When Racela’s clients told her they wanted a 12-ft. island, she searched for alternatives because the traffic flow around a 12-ft. island would be difficult to manage. “A 12-ft. island is too far to walk around. I designed two islands so the flow is much better,” she says. “Traffic flow is very important. You don’t want to stop production but rather aid it and make it easy.”
Designers are trying to keep the abundant appliances clients want these days from intruding on storage space. “It’s difficult to balance the amount of appliances with storage. Even though you have all these appliances, you still have all the plates, big pots, napkins, placemats and items that go into the kitchen,” Racela says.
Due to space restrictions, designers are always looking for new and creative places to put storage space. “In a couple islands that I’ve done, I’ve put the cooktop on one side and the storage on the other. You can entertain there and yet not waste storage space,” Racela says.
One key to storage design is focusing on the items to be stored. It can be thought of in terms of which items are used daily, occasionally and once a year. “We put daily-used products inside the working triangle. We put less frequently used items in corridors that lead into the kitchen such as dry goods or things used once a year,” says Phil Kean, president, Phil Kean Designs, Winter Park, Fla.
Manufacturers are meeting the needs for storage by offering a multitude of cabinet accessories that can enhance storage options. A peg system is easy for unloading plates out of the dishwasher and into their proper location; and vertical cabinets are good for storing cutting boards or cookie sheets.
Lighting is an important component of kitchen design that can create interest using different types of lighting. “I like to illuminate the kitchen with overhead can lights and then have pendant lighting over the island. I also like to use puck lighting to illuminate the undercabinets,” Racela says.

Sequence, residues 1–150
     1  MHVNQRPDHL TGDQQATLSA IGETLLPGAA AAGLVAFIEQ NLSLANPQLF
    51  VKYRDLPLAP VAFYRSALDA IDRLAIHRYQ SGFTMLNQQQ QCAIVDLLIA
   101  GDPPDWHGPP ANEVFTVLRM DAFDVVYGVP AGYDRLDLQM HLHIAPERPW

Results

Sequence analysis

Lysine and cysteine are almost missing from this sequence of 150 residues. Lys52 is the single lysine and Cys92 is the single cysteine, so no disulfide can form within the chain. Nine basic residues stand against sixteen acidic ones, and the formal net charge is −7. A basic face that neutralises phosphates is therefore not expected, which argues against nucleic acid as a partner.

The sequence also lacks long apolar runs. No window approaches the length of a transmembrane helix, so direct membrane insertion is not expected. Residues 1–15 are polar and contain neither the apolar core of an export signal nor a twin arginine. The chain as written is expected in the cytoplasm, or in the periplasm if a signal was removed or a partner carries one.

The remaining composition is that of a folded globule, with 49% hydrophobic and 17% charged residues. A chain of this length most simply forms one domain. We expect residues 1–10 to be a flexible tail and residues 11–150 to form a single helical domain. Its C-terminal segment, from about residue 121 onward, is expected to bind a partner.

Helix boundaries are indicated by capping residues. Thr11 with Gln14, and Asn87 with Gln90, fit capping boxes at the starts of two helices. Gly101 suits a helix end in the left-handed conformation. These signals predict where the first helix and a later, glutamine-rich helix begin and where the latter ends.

When it comes to natural light, Kean pays attention to where one’s eyesight naturally focuses. “I think about what you look at from the stove and the sink and put windows where the eyesight travels. A serious cook wants to feel connected, not trapped,” he says.
A Strong Future
Designing around a budget is sometimes a challenge for designers and builders as well as homeowners, but when it comes to kitchens, homeowners are much more willing to cut a guest bathroom than they are to cut amenities in a kitchen. “Even on a tight budget, people still include professional ranges. Most people who are paying for a custom home want a custom kitchen so they will splurge on appliances,” Kean says. “A kitchen is much more permanent.”
The green movement is getting stronger with each new product introduction — a movement that definitely will affect the future of kitchen design. “As prices come down, we are going to see more green materials being used [in the kitchen],” Stegman says. “We will start to see more cabinet boxes that have no or little formaldehyde, or concrete countertops and paints that are considered green. We’re already seeing a lot of Energy Star appliances.”
As the green movement continues, more products will be available that are both convenient and energy-efficient. “The kitchen is almost becoming like the spa in the bathroom,” Racela says. “It’s based on the feeling of convenience and luxury that people want.”